Just before Easter I spent a weekend with my daughter and her boyfriend. The weekend started with my driving down to Ealing, meeting my daughter and visiting one of her friends and her new little one. Then a drive to Basingstoke.
Saturday started with a yummy breakfast and then onto Winchester, lunch in Raymond le Blanc’s, a visit to the Cathedral (memorials to follow very soon ) and finally an interesting visit to see The Round Table.
So Sunday arrived and a visit to Odiham and lunch, but before lunch I was given a short tour of Odiham, including, yes, the war memorial and the church – nice village and nice company. Oh! by the way the church has a beautiful window relating to the local RAF station. I’m not a great lover of modern stain glass but that was nice. But, to my surprise it wasn’t even a window, but a very good deception – a light box, but it still looked impressive.
Now to the village memorial to those who have fought and died in two world wars.
Who is mentioned on the memorial to the men and women of the Parish of Odiham ? Geoffrey Harris Gotelee, the son of Arthur and Esther of The Old House. Geoffrey in 1911 was a boarder at St Albans School, his parents at this time ran the Post Office. Richard Elkanah Hownam Healy, the son of Randolph and Alice of Hownam Lodge. 1911 sees Richard living in Kensington Hall Gardens and working as a Reporter for a Daily Paper. He is later mentioned in the London Gazette when he received his promotion.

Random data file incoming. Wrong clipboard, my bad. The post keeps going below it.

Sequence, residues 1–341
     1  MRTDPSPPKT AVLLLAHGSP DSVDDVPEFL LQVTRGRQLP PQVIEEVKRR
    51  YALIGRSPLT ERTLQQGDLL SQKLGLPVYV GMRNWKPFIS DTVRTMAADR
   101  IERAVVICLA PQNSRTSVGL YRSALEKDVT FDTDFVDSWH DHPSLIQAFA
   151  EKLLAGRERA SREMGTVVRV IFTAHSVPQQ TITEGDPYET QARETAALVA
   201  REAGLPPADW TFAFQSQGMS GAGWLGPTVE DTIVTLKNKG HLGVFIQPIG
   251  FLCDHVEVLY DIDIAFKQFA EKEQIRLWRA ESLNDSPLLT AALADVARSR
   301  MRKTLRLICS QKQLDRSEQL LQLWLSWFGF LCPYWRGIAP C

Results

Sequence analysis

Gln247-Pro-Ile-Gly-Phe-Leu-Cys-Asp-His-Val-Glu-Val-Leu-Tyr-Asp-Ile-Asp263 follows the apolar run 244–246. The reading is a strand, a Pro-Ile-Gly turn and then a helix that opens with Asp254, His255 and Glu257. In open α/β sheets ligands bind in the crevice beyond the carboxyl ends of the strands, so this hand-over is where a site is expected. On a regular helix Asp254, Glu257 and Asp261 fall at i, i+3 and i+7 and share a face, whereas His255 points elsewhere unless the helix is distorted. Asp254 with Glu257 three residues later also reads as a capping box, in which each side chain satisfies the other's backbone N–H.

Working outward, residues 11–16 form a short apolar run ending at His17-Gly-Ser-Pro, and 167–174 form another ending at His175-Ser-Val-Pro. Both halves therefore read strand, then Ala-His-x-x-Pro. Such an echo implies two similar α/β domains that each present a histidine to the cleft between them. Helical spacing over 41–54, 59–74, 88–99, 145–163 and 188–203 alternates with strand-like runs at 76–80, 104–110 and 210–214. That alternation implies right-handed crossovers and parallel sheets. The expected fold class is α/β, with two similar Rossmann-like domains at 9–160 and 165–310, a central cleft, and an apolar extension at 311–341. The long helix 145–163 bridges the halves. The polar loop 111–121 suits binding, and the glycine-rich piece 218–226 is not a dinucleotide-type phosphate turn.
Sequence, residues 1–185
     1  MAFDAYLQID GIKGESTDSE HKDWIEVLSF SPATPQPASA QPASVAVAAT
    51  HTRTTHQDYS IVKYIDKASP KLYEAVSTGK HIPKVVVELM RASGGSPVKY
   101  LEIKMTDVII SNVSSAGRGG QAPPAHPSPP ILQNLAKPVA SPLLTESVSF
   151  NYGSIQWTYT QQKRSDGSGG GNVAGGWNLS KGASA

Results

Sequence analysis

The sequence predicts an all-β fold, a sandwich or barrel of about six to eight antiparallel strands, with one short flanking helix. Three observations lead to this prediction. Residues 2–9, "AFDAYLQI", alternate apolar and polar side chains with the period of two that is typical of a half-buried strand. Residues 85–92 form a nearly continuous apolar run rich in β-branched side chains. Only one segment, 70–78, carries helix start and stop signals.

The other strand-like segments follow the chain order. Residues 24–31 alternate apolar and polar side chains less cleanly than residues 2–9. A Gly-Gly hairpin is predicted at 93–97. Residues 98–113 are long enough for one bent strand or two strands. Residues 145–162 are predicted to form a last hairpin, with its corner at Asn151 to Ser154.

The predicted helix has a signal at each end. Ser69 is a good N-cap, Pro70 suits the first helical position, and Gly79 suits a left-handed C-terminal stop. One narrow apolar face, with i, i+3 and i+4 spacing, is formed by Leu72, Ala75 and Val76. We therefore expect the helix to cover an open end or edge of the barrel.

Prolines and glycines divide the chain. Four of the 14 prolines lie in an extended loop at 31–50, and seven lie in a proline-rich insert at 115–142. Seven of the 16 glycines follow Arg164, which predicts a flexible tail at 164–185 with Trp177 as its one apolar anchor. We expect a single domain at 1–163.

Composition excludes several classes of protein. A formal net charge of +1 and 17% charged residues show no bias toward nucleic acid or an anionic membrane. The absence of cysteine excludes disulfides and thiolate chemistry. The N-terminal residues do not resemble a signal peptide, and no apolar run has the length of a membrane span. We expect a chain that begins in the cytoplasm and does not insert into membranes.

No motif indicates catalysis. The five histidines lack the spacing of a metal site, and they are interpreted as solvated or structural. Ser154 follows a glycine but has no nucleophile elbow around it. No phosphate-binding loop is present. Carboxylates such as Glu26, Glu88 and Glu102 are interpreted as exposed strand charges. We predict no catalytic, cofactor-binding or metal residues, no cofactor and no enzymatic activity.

Another young man from the area was Arthur Henry Pither, son of Stephan and Sophia. Arthur worked in Quebec, arriving in 1908, but was back in the area by 1911. He did however, enlist in the Canadian Army and from that we can get a fleeting glimse of what he looked like.
Guy Lutley Sclater, brother, son and husband. He served as a ~Captain in the Royal Navy and rests in Odiham Churchyard.
Now, W G Wooldridge, he was a little bit of a problem and has not been identified by others who have transcribed Odiham Memorial, but I think family history helps a great deal when transcribing and knowing people make errors and what type of error could occur – well, I found him – so visit the transcription and see who he is and where he rests. In fact, if I had completed the transcription last week, I would have known where he was and could have visited, as I was only a matter of minutes away from him.
The last young man I am going to mention in this taster is Reginald James Moody, son of Charles and Ellen. He served in the RFC and died on 4 March 1917 while flying with 2nd Lieut., Eric Edmund Horn. Edmund had enlisted on his 17th birthday and died on his 19th, so, so young and very brave. They both rest in the same cemetery.
There are still a few young men whose information needs adding to the transcription and they will be finished shortly, as will the WW2 transcript.
To read the transcription or see if your Odiham relative is there Click Here